Mealey's Native American Law

  • December 01, 2023

    Tribal Panel: Court Lacks Jurisdiction To Decide If Prisoners Are ‘Indian Persons’

    POPLAR, Mont. — Whether two defendants currently being detained by the Assiniboine and Sioux Tribe of the Fort Peck Reservation are “Indian persons” and thus subject to the Fort Peck Tribal Court’s criminal jurisdiction is a factual issue that must be determined by the trier of fact, a Fort Peck Court of Appeals panel found in staying consideration of the two defendants’ petitions for writ of habeas corpus.

  • December 01, 2023

    Tribal Appellate Court: Trial Court Did Not Err In Issuing Custody Order

    POPLAR, Mont. — A Fort Peck Court of Appeals panel of the Assiniboine and Sioux Tribes found that a trial court did not err in granting physical custody to the father of a child who allegedly has a history of drug abuse and domestic violence because the trial court’s decision was supported by sufficient factual findings.

  • December 01, 2023

    Tribal Appellate Court Vacates Criminal Conviction Based On Hearsay Evidence

    POPLAR, Mont. — The Fort Peck Court of Appeals of the Assiniboine and Sioux Tribes vacated a man’s theft and burglary conviction because the tribes’ prosecution was based “almost entirely” on hearsay testimony consisting of a Facebook post and a previously recorded interview with a woman who was not available for cross-examination at trial.

  • November 27, 2023

    Golf Course Is Arm Of Tribe, Entitled To Tribal Immunity, Washington Panel Finds

    SEATTLE — A company that owns and operates a golf course is entitled to sovereign immunity from a personal injury suit brought by a man who was injured on the course because the company is an arm of the Swinomish Indian Tribal Community, a Washington panel found in affirming a trial court’s judgment dismissing the case.

  • November 27, 2023

    Montana Federal Judge Grants Prisoners’ Habeas Corpus Petition Against Tribe

    GREAT FALLS, Mont. — A man sentenced to more than a year in prison by the courts of the Blackfeet Nation was denied effective assistance of counsel because the tribe sentenced him without the presence of counsel, a Montana federal judge found in granting the man’s petition for a writ of habeas corpus.

  • November 27, 2023

    United States Urges Supreme Court To Deny Review Of Klamath Water Suit Removal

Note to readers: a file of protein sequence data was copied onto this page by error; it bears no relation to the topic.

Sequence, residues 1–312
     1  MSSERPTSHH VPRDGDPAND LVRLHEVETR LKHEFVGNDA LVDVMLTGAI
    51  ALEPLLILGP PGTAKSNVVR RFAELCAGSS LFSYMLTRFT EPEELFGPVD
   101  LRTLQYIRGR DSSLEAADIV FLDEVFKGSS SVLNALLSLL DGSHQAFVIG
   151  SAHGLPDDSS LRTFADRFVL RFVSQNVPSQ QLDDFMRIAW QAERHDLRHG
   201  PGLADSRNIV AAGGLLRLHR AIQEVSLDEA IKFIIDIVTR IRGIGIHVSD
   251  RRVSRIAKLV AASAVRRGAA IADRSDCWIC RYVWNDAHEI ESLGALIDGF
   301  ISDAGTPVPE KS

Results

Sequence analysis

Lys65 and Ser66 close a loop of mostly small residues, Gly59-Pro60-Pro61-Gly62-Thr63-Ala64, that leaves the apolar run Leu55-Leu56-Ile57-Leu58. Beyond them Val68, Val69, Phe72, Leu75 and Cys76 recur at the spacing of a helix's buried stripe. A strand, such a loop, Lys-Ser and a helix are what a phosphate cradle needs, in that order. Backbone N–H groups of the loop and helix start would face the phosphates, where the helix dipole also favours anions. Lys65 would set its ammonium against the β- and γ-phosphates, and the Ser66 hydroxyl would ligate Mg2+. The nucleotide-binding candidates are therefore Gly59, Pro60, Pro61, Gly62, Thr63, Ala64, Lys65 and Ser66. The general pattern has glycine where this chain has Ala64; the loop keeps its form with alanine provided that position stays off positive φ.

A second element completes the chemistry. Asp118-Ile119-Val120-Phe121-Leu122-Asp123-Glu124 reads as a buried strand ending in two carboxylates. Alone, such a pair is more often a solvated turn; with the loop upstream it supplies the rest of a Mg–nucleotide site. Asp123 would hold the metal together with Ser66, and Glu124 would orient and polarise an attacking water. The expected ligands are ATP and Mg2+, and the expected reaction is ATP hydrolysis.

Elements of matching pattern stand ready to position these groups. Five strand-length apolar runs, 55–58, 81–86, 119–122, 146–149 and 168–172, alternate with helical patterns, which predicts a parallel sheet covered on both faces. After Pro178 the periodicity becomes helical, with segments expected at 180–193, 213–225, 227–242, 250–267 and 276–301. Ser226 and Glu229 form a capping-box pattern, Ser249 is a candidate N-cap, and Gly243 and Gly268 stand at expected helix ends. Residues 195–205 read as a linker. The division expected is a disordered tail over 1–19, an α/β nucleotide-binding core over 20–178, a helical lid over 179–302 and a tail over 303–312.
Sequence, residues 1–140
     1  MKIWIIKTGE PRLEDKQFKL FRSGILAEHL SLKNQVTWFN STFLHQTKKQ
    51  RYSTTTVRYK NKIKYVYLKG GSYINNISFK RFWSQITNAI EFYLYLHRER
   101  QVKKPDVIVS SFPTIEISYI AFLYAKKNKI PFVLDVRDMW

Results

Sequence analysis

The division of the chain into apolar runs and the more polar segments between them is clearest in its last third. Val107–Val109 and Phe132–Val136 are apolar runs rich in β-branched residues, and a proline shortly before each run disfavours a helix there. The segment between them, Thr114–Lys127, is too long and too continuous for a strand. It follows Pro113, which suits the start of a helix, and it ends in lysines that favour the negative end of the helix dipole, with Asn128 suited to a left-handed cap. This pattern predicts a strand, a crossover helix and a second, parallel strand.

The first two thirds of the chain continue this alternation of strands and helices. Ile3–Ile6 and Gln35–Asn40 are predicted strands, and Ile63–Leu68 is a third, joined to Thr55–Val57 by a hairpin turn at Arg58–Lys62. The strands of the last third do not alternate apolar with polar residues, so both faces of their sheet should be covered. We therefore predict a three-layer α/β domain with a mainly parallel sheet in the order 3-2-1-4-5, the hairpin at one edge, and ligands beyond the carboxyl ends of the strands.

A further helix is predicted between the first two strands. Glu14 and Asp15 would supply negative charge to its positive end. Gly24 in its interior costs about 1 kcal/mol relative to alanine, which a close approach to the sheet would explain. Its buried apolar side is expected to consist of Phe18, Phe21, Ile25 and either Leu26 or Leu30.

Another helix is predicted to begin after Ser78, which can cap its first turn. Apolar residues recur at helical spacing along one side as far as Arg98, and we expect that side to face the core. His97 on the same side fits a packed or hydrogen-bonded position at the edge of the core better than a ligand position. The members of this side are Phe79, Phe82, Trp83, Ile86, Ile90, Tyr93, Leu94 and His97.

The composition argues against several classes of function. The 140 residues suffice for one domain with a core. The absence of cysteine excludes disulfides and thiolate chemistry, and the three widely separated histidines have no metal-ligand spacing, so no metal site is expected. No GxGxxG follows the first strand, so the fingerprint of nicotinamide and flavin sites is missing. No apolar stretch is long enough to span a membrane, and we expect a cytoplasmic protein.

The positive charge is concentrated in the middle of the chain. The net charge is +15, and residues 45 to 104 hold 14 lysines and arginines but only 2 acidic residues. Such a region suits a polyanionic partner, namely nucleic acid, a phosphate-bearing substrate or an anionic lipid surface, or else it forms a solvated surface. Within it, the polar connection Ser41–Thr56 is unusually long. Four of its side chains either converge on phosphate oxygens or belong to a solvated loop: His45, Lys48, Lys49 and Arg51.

WASHINGTON, D.C. — The United States says the U.S. Supreme Court should deny a certiorari petition in which the Klamath Irrigation District seeks a writ of mandate to remand to state court its lawsuit asserting primary jurisdiction over the Bureau of Reclamation’s operation of the Kalmath Project and minimum water levels to comply with the Endangered Species Act (ESA) and to benefit two Native American tribes.

  • November 20, 2023

    Supreme Court Grants Cert For Funding Dispute Between Tribes, HHS

    WASHINGTON, D.C. — The U.S. Supreme Court on Nov. 20 granted two petitions for certiorari filed by the secretary of Health and Human Services (HHS) to determine whether the Indian Self-Determination and Education Assistance Act (ISDA) requires the Indian Health Service (IHS) to pay “contract support costs” for expenditures of income collected by Indian tribes from third parties under federal self-determination contracts.

  • November 14, 2023

    Michigan Federal Judge Adopts Recommendation, Dismisses Claims Against Tribal Judge

    MARQUETTE, Mich. — A Michigan federal judge adopted a report and recommendation in which a magistrate judge found that claims of due process and equal protection violations brought by a tribal lay advocate against a tribal judge and an attorney for allegedly conspiring against the advocate by not providing him notice of a tribal court hearing fail because the tribal judge has immunity and the attorney is not a state actor.

  • November 14, 2023

    Proposed Consent Decree Filed In Native American Bias Case Against S.D. Hotel

    RAPID CITY, S.D. — In South Dakota federal court, the U.S. Department of Justice (DOJ) and owners and managers of a hotel jointly filed a proposed consent decree that would resolve the DOJ’s claims that the owners and managers violated the Civil Rights Act of 1964 by discriminating against Native Americans.

  • November 14, 2023

    D.C. Federal Judge: Tribe Seeking Recognition Failed To Identify Final Action

    WASHINGTON, D.C. — A Native American tribe in Connecticut seeking federal acknowledgement failed to identify a reviewable final agency decision in its complaint brought against the U.S. Department of Interior’s (DOI) Office of Federal Acknowledgement (OFA), a District of Columbia federal judge found in granting the OFA’s motion to dismiss.

  • November 13, 2023

    In Tribal Land Pipeline Dispute, N.D. Federal Judge Severs Trespass Counterclaim

    BISMARCK, N.D. — A North Dakota federal judge severed and stayed a counterclaim brought by the United States against the owner and operator of an oil and gas pipeline that formerly operated on tribal land but no longer maintains proper rights of way because the claim was “of a separate nature” than the company’s administrative law claims.

  • November 10, 2023

    Judge Dismisses With Prejudice Groups’ Challenges To Willow Project Approval

    ANCHORAGE, Alaska — A federal judge in Alaska on Nov. 9 dismissed with prejudice all claims brought by environmental groups and Native Americans who oppose the Willow Project, a hydraulic fracturing operation in the National Petroleum Reserve-Alaska, ruling that federal agencies were not “arbitrary and capricious” in reaching the conclusion that the project should be approved.

  • November 10, 2023

    Panel: N.D. Legislature Had Good Reason To Create Native American Subdistricts